Monday, February 2, 2009

Of Children and Peasants – Part X

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Excerpt from “Anna Karenina Comes to America” by Leia Tolstaya*, Millerskaya Ltd., New York, 2009. For earlier installments please click on the keyword phrase “Of Children and Peasants”.

William, Levina, and the children sat in the living room, wearing costumes appropriate to the last quarter of the nineteenth century in Russia.

“I feel ridiculous,” said William, squirming in his tight pants. His attire was borrowed from Levin. Although both men were similar in height and build, and William was proud of his regular workouts, Levin’s body had been tightly honed from the long days of hard labor on his farm. Pants that were meant to be tight-fitting were stifling on William.

“I don’t think you were meant for the ballet,” joked Levina. She wore one of Kitty’s modest dresses. It was lemon-yellow with white lace around the bodice, which was cut a little on the high side at Kitty’s request. Because Kitty loved to go for long walks in the country, it was hemmed at the ankles rather than floor-length. Katrina helped her to button up the small, dainty buttons, which ran all the way up her back. Although this was meant to be an every-day dress for Kitty, Levina felt like she was ready to go to a formal dinner. Her look was completed by a French twist up-do.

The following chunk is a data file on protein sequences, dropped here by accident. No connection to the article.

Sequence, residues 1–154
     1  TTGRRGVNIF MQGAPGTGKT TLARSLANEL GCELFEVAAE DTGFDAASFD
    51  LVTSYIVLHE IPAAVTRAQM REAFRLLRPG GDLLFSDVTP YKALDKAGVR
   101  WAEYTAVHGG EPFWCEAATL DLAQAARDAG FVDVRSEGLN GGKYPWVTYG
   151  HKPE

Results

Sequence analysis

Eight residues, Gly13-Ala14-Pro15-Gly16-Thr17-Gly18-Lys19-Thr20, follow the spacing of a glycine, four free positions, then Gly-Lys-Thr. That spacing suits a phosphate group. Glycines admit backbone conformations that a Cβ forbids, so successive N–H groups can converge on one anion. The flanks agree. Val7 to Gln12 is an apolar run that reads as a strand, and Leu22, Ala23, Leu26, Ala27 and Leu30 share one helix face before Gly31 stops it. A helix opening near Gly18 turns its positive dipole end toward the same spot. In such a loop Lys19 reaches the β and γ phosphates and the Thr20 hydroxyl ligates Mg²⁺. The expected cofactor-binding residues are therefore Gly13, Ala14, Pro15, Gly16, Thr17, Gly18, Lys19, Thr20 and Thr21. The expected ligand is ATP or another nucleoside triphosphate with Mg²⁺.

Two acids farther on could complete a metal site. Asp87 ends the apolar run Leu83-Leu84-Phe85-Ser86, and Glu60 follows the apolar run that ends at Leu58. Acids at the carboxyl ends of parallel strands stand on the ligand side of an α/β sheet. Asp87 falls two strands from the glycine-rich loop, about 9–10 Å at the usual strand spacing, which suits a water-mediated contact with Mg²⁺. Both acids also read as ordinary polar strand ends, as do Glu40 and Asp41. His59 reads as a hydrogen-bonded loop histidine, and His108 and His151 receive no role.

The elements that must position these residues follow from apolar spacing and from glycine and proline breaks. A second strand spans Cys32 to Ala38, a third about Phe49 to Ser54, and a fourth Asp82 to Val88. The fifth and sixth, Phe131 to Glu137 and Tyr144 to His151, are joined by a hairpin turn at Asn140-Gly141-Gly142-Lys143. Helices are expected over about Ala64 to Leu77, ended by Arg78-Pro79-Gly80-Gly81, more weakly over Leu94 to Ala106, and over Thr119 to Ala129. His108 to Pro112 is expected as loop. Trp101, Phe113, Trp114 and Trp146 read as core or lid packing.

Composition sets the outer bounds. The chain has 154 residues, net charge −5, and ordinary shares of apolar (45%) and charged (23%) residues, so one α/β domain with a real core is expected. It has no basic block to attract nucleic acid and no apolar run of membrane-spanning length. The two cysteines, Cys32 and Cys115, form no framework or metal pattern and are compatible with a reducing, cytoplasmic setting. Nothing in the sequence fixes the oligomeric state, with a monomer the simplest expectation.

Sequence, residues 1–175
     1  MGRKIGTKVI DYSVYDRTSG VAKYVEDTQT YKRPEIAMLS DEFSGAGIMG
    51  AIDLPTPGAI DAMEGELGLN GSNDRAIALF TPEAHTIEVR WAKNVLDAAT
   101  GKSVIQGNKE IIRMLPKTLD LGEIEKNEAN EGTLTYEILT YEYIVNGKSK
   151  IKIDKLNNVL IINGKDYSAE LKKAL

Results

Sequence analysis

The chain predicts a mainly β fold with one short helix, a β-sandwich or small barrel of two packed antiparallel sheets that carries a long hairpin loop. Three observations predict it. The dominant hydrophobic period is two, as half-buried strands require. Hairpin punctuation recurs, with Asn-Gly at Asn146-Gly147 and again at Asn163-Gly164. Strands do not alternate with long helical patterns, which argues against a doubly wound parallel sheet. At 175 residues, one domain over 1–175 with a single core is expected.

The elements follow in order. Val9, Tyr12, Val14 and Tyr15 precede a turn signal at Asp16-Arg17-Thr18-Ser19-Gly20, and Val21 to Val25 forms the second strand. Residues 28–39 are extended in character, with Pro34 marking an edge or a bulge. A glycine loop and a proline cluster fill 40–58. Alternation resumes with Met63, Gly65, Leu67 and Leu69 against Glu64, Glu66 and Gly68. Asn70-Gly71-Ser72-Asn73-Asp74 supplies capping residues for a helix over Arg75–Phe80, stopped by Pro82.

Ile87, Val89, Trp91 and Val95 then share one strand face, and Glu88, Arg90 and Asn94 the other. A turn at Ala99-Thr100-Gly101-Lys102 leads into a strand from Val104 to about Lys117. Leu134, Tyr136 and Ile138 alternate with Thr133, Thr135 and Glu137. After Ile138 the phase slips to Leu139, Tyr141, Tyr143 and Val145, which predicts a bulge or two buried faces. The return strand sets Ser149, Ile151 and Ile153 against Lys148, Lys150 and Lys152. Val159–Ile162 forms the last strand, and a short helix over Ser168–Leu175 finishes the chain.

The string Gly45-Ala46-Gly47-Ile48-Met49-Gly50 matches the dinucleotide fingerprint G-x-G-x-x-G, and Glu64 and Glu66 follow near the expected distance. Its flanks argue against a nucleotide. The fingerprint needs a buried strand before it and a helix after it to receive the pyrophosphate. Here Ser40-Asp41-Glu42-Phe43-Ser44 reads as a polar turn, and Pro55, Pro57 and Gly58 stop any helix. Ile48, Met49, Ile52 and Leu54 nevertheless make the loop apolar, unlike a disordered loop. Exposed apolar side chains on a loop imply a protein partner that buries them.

The children all wore white peasant blouses, with brown skirts or trousers, black leggings, and brown shoes. These had all been borrowed from Levin’s own children.

“We should take one of those pictures, that people take in studios to make themselves look old-fashioned,” suggested Levina.

In breezed Levin, through the front door this time. He had been busy preparing Anna’s house, which he had purchased while it was under foreclosure.

He never changed outfits when he went time-traveling. In their house, he passed as an eccentric, youngish grandfather, to those who dropped in unexpectedly while he was visiting. Although Levina’s great-great-great-grandfather still looked too young to be her grandfather, the kids would still have to call him grandfather, and so that is how he was introduced to outsiders.

Always straight to the point, he nodded approvingly at their attire and announced, “Everything’s ready for Anna Tolstaya. You’ll have to show her the ropes of the modern household, computer skills included, Levina, like a good sister-in-law.”

“Sister-in-law?” This was a real far fetch for an unrelated woman they were going to rescue from the 1880’s in Russia.

“Your being related would explain to the neighbors why you are being so, well – neighborly. And we couldn’t very well let her keep the name Karenina. Even though her story will change, we don’t know how shocking it will be to her world when she suddenly disappears. She could become infamous for other reasons yet unknown to us.”

To be continued…

*Leia Tolstaya is a pen name for Elizabeth K. Miller, and as such her works fall under the same copyright.

1 comment:

Loren Christie said...

Your dress sounds exquisite, and the dress in that picture is stunning, but the corset...ouch.